“In order for us to qualify for the World Cup, we have to beat the best.” That is the sober analysis of Bafana Bafana coach Molefi Ntseki reacting to his team’s draw in the Fifa World Cup qualifiers. Photo: Deryck Foster/BackpagePix
“In order for us to qualify for the World Cup, we have to beat the best.” That is the sober analysis of Bafana Bafana coach Molefi Ntseki reacting to his team’s draw in the Fifa World Cup qualifiers. Photo: Deryck Foster/BackpagePix

SA has no choice but to beat Ghana, says Bafana coach

By Mihlali Baleka Time of article published Jan 25, 2020

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“In order for us to qualify for the World Cup, we have to beat the best.” That is the sober analysis of Bafana Bafana coach Molefi Ntseki reacting to his team’s draw in the Fifa World Cup qualifiers.

It’s almost been 17 years since Bafana qualified for the global showpiece via a successful qualification process, having competed in the 2010 spectacle as hosts.

Since then, though, two additional World Cup tournaments - in Brazil and Russia - have come and gone with Bafana failing to book their ticket to either event under Steve Komphela, Pitso Mosimane and Gordon Igesund in 2014 and Stuart Baxter in 2018.

But following the resignation of the latter, Ntseki, who had assisted a number of his predecessors, took over the reins, and he is now faced with the mammoth task of guiding the national team back to the World Cup.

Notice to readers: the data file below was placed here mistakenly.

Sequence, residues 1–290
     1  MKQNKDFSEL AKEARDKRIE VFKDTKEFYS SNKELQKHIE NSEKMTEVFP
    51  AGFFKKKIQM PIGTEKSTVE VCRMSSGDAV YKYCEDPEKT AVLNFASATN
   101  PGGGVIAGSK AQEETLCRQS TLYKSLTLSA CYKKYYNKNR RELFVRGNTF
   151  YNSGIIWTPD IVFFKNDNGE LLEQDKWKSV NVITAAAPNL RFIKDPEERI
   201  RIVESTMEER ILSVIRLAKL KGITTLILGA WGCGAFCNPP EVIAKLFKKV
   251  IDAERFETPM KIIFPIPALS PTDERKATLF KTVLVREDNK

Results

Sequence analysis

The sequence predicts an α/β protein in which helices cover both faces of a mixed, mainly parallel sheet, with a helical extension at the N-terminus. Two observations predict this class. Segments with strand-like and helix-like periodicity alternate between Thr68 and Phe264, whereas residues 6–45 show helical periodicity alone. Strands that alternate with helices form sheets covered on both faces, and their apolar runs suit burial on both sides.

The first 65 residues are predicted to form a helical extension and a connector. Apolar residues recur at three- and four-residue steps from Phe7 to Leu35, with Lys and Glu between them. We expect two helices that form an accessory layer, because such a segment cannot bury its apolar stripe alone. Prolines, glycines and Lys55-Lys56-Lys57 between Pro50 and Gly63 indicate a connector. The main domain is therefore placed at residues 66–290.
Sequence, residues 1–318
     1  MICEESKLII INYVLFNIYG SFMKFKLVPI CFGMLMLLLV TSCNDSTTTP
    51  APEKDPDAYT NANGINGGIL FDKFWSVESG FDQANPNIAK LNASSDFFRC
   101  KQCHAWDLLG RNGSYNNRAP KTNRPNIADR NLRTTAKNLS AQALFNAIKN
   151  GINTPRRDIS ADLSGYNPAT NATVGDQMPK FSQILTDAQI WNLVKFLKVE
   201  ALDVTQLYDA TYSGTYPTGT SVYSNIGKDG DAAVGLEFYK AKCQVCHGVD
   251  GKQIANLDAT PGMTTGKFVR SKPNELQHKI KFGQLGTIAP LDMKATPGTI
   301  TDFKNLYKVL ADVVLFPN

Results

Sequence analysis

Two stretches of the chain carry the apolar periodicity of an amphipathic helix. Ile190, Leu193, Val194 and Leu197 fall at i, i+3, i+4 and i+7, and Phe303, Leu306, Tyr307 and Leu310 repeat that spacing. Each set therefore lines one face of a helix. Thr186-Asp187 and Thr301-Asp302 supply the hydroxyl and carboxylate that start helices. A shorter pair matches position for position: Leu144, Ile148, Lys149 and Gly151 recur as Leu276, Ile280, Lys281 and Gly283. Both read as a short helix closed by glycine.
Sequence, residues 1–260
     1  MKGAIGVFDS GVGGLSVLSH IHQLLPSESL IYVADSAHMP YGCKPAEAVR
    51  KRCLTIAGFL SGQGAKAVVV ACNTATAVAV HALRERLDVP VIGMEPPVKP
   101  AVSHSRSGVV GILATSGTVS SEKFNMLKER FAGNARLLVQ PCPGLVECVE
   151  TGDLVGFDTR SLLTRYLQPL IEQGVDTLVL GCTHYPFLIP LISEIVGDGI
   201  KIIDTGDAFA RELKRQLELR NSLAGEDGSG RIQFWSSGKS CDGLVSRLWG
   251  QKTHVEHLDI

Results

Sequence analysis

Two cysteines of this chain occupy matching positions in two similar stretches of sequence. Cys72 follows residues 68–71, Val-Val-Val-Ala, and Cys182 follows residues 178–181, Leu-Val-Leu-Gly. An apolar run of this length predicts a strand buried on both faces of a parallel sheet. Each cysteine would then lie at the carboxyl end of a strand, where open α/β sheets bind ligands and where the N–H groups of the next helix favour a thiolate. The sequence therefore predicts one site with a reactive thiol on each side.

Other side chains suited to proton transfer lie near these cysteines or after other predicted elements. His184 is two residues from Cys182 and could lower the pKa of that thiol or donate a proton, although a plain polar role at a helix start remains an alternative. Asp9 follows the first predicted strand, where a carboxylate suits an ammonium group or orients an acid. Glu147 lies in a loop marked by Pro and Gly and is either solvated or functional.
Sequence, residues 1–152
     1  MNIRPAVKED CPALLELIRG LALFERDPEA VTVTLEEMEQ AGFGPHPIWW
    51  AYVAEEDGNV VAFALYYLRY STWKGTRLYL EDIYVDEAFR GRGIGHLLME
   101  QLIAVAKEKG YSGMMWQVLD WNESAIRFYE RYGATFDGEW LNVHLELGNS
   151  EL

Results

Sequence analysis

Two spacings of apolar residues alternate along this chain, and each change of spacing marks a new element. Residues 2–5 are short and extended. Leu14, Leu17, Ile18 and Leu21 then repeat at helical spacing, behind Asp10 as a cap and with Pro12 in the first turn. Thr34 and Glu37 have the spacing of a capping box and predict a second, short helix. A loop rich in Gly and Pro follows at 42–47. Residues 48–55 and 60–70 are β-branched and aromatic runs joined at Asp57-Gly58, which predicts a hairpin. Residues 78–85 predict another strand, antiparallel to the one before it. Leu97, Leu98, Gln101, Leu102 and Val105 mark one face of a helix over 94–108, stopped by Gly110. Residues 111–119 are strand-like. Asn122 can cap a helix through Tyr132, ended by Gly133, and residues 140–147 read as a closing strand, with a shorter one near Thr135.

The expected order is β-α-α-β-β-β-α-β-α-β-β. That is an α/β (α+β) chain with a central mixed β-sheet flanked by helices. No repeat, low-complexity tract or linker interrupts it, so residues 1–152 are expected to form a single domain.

However to achieve this they will have to finish top of Group F, where they are grouped alongside Zimbabwe, Ethiopia and Ghana in the penultimate round of the qualifiers.

From then on, they’ll compete to be among the five nations that will be Africa's flag bearers in this year's Fifa World Cup to be staged in Qatar from November 21 to December 18.

There’s no doubt that Ghana's Black Stars, ranked sixth in Africa and 47th in the world, will be Bafana’s toughest opposition from the group.

And in the bigger scheme of things, the two teams will play each other in the qualifiers for a major event on four occasions as they are already in the same group for the 2021 Africa Cup of Nations qualifiers (Afcon), where there’s also Sao Tome and Principe and Sudan.

“We went to the draw expecting to draw a top 40 or top 10 team, and we got Ghana, whom we have to play against in a round robin format that sees us playing them four times (with three matches remaining after Bafana lost 2-0 to the West Africans in the first Afcon qualifier),” Ntseki said.

“The remaining matches will be tough because we have to plan well for each and every game. Ghana being ranked sixth in Africa, we are fully aware that to qualify for the World Cup, we have to beat the best.”

Ntseki, however, also knows only too well it would be naïve to overlook the threats also posed by The Warriors and the Walias.

The Zimbabweans have most of their internationals plying their trade in the PSL, while Ethiopia were the same opposition that denied South Africa their ticket to the 2014 global showpiece after finishing top of the group in the second round of the penultimate round of the qualifiers.

Meanwhile, with the Afcon qualifiers set to conclude in August before the World Cup qualifiers get underway in October, Ntseki says assembling the best team for the continental qualifiers will set a good foundation for their aspirations going forward.

“I just hope our players are all injury free because we need them all for the games against Sao Tome, Ghana and Sudan (in the Afcon qualifiers). We can have the best team if we have the best players available."

@MihlaliBaleka 


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